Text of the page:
From the Journal of Human Evolution:
The regular consumption of large mammal carcasses, as evidenced by butchery marks on fossils recovered from Early Stone Age archaeological sites, roughly coincides with the appearance of Homo habilis. However, the significance of this niche expansion cannot be appreciated without an understanding of hominin feeding behavior and their ecological interactions with mammalian carnivores. The Olduvai Geochronology and Archaeology Project (OGAP) has recovered a large and well-preserved fossil assemblage from the HWK EE site, which was deposited just prior to the first appearance of Acheulean technology at Olduvai Gorge and likely represents one of the last H. habilis sites at Olduvai. This taphonomic analysis of the larger mammal fossil assemblage excavated from HWK EE shows evidence of multiple occupations over a long period of time, suggesting the site offered resources that were attractive to hominins. There was a water source indicated by the presence of fish, crocodiles, and hippos, and there was possible tree cover in an otherwise open habitat. The site preserves several stratigraphic intervals with large fossil and artifact assemblages within two of these intervals. Feeding traces on bone surfaces suggest hominins at the site obtained substantial amounts of flesh and marrow, particularly from smaller size group 1-2 carcasses, and exploited a wide range of taxa, including megafauna. A strong carnivore signal suggests hominins scavenged much of their animal foods during the two main stratigraphic intervals. In the later interval, lower carnivore tooth mark and hammerstone percussion mark frequencies, in addition to high epiphyseal to shaft fragment ratios, suggest hominins and carnivores did not fully exploit bone marrow and grease, which may have been acquired from nutritionally-stressed animals that died during a dry period at Olduvai. The diversity of fauna that preserve evidence of butchery suggests that the HWK EE hominins were opportunistic in their acquisition of carcass foods.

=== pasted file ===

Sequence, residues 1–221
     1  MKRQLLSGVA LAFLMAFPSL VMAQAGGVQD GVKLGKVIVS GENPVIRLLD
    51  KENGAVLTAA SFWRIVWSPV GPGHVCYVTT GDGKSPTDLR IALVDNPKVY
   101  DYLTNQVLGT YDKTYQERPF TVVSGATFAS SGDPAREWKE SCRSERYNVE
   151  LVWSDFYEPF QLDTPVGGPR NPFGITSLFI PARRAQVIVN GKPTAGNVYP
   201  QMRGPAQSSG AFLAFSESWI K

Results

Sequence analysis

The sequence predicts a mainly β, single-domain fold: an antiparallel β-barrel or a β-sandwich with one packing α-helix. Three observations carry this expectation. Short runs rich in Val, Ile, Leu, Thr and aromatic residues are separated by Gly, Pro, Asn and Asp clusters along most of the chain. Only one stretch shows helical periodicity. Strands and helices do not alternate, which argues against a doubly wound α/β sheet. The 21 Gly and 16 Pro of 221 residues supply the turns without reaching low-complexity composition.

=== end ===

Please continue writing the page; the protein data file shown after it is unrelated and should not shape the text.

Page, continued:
Steve Parker, M.D.